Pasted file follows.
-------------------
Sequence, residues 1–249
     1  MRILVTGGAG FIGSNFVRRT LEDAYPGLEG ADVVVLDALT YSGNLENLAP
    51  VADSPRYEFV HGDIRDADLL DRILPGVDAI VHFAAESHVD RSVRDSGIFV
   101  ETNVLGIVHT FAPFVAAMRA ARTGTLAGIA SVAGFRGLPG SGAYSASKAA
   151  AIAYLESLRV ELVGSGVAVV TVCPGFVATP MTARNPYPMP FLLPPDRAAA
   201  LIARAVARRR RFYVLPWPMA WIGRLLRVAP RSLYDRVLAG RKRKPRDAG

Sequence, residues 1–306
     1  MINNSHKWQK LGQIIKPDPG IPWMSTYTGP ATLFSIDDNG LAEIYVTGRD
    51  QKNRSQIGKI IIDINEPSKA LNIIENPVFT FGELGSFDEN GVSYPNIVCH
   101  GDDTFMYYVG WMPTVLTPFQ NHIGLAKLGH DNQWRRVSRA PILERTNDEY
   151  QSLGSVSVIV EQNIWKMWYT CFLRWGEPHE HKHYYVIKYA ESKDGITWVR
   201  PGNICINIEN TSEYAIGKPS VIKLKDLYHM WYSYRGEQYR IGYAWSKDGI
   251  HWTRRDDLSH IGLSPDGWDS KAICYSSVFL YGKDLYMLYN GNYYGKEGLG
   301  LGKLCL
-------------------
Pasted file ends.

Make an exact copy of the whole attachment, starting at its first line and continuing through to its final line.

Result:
Sequence, residues 1–249
     1  MRILVTGGAG FIGSNFVRRT LEDAYPGLEG ADVVVLDALT YSGNLENLAP
    51  VADSPRYEFV HGDIRDADLL DRILPGVDAI VHFAAESHVD RSVRDSGIFV
   101  ETNVLGIVHT FAPFVAAMRA ARTGTLAGIA SVAGFRGLPG SGAYSASKAA
   151  AIAYLESLRV ELVGSGVAVV TVCPGFVATP MTARNPYPMP FLLPPDRAAA
   201  LIARAVARRR RFYVLPWPMA WIGRLLRVAP RSLYDRVLAG RKRKPRDAG

Sequence, residues 1–306
     1  MINNSHKWQK LGQIIKPDPG IPWMSTYTGP ATLFSIDDNG LAEIYVTGRD
    51  QKNRSQIGKI IIDINEPSKA LNIIENPVFT FGELGSFDEN GVSYPNIVCH
   101  GDDTFMYYVG WMPTVLTPFQ NHIGLAKLGH DNQWRRVSRA PILERTNDEY
   151  QSLGSVSVIV EQNIWKMWYT CFLRWGEPHE HKHYYVIKYA ESKDGITWVR
   201  PGNICINIEN TSEYAIGKPS VIKLKDLYHM WYSYRGEQYR IGYAWSKDGI
   251  HWTRRDDLSH IGLSPDGWDS KAICYSSVFL YGKDLYMLYN GNYYGKEGLG
   301  LGKLCL